theatrical character. Will you go all Southern gothic, fanning yourself upon a verandah and sipping mint juleps in Tennessee Williams mode? Or will you while away balmy evenings wandering about your estate musing on the upkeep of the cherry orchard? Or perhaps you will rush through the french windows in whites crying "anyone for tennis?".
Unless you happen to be on the management of Glyndebourne - a picnic with an ace opera house attached - this is certainly a tough time to try and entice people into the theatre. All the air-conditioning in the world is no substitute for the opportunity to shed a few clothes in the sunlight and linger over a glass of Pimms or a cold beer. Happily, help is at hand for the dramatically-minded among you who cannot face an evening indoors.
This year, Regent's Park has a real bonus to offer. Londoners will be aware of its annual theatre festival, which kicks off this year with a revival of Rachel Kavanagh's warmly received production of A Midsummer Night's Dream and a new production of Troilus and Cressida. Still to come is Gentlemen Prefer Blondes, the musical famous for giving us "Diamonds are a Girl's Best Friend". But those of you who light up at the prospect of Gardener's Question Time or given the word "Jekyll" think "Gertrude" rather than "Hyde", will thrill to the prospect of Digging For Ladies.
I was once told of a little-known, but gloriously tasteless episode in the history of York University. A gaggle of less than academically-driven students devoted themselves to the all-consuming pursuit of larking about. This culminated in the formation of the Necrophilia Society, which found them marching about the town with placards emblazoned with the legend "Dig Up and Dig In".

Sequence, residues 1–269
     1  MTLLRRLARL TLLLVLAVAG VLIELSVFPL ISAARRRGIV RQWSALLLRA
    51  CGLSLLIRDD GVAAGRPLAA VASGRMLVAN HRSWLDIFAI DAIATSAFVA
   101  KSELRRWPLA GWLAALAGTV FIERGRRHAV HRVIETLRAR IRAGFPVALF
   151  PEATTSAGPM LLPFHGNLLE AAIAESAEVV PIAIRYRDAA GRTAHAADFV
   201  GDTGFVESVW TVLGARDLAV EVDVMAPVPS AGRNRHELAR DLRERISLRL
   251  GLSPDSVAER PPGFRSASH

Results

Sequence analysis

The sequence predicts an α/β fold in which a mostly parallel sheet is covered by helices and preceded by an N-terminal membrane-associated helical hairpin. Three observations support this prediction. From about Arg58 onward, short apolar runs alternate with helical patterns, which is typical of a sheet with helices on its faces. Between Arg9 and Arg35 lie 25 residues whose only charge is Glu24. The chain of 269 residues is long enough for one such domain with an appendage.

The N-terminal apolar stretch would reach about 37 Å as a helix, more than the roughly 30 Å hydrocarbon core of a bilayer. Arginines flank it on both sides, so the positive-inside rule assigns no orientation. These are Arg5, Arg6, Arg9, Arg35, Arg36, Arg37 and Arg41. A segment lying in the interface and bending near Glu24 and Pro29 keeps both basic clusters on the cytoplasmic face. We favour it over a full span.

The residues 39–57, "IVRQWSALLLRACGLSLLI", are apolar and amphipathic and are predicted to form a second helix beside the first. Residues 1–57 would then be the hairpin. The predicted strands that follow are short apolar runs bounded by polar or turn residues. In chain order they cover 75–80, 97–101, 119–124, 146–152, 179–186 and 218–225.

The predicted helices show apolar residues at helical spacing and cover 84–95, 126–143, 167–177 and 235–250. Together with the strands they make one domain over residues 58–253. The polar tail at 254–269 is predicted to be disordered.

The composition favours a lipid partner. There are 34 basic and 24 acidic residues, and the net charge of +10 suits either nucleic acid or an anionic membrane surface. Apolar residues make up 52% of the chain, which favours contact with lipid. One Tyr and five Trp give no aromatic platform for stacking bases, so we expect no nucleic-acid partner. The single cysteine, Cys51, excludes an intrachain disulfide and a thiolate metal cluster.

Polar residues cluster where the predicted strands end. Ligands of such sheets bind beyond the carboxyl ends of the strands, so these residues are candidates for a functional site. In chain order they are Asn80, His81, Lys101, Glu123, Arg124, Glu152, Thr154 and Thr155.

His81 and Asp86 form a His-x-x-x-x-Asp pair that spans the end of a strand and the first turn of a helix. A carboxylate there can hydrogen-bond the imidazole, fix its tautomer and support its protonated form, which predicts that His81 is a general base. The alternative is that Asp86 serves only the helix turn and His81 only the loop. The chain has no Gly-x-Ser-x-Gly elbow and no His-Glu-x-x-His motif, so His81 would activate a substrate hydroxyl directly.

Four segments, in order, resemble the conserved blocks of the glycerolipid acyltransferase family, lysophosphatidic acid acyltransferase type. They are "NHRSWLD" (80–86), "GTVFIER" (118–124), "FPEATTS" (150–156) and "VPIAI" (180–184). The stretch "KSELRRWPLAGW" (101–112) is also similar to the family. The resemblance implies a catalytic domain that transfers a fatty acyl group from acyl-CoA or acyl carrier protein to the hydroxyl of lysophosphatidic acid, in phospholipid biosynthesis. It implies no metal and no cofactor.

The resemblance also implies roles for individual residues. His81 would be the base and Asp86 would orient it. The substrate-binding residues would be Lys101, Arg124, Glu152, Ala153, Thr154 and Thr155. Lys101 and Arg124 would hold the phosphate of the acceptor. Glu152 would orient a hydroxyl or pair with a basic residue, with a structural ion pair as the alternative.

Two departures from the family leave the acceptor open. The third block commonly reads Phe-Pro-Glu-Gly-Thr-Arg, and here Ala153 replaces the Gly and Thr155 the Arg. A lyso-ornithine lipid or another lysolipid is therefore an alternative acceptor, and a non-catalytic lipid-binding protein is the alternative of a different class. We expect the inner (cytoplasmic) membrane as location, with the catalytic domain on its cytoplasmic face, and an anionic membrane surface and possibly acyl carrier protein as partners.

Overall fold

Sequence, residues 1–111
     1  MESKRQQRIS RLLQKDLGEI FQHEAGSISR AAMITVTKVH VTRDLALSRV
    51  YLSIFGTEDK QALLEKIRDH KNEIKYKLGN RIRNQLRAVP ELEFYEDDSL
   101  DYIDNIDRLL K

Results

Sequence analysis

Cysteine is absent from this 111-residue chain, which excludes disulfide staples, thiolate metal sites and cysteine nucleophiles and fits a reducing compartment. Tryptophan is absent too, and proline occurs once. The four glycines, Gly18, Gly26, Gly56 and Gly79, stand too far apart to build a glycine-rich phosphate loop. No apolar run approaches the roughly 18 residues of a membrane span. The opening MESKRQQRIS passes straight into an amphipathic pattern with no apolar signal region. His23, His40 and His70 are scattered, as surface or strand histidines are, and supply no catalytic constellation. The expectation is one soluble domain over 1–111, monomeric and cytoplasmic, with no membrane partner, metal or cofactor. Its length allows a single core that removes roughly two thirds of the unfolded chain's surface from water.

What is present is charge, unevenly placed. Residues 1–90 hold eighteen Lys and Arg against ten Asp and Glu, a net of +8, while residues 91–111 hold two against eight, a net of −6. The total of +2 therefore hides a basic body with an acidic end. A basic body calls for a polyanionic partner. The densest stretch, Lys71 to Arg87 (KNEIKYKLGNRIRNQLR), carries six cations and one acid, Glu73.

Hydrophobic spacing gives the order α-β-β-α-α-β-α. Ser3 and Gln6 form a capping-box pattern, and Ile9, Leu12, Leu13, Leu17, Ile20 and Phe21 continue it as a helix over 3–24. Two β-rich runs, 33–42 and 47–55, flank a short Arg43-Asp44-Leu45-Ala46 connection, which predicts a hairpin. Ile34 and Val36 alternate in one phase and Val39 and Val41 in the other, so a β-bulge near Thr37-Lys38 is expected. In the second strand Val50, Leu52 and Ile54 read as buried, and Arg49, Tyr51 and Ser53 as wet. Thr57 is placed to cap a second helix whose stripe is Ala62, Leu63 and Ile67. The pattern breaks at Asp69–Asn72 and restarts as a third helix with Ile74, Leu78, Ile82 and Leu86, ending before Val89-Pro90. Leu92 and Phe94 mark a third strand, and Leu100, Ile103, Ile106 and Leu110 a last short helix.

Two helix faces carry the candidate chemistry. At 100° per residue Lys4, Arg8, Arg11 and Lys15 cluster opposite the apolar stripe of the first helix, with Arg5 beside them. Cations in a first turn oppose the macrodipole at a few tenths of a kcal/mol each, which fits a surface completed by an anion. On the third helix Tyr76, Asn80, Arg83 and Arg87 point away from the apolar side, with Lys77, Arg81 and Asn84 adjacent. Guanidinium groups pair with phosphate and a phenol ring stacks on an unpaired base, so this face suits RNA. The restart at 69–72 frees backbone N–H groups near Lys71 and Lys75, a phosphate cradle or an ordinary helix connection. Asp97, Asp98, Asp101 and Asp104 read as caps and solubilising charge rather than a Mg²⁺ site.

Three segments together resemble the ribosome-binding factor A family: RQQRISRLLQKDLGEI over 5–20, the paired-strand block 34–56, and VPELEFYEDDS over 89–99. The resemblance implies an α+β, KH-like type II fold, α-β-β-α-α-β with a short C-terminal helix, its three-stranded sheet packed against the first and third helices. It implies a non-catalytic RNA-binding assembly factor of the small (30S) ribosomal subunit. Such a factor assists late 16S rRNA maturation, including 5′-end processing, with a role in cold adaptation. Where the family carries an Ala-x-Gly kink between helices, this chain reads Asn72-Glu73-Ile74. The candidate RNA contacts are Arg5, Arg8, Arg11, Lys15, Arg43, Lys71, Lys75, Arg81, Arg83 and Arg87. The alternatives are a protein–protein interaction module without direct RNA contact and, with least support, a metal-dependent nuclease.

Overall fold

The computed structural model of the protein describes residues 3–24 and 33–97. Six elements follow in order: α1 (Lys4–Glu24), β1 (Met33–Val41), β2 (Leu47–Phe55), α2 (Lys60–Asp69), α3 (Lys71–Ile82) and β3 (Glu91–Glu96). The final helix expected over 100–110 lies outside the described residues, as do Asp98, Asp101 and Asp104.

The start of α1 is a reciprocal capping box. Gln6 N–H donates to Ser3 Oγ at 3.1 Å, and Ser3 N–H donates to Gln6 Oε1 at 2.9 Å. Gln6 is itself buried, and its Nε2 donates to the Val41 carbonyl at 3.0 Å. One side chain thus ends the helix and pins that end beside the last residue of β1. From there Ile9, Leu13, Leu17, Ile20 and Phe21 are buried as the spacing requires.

Fortunately, Jyll Bradley's theatre event is on a rather more exalted plane, and has been performed in some of the country's grandest gardens, from the sumptuous Italianate setting of the National Trust's Tatton Park to Groombridge Place, whose lawns and topiary were made famous by the Peter Greenaway film, The Draughtsman's Contract.
We're promised a witty celebration of women and gardening, which sounds like a cue for a display of English eccentricity which may well be worth the trip down the garden path. Four lady gardeners pick up their hoes and shears to embark on what is described as "a hothouse hybrid of horticulture and hilarity", complete with a "well-composted topsoil of garden innuendo". Quite what Alan Titchmarsh would make of this, I should not care to hazard a guess.
'Digging for Ladies', St John's Lodge Gardens, Inner Circle, Regent's Park (0171-637 8270) 6.45pm 26-28 June and 2-4 July; The Royal Observatory Gardens, Greenwich Park (0181-858 6376) 7pm, 9-11 JulyReuse content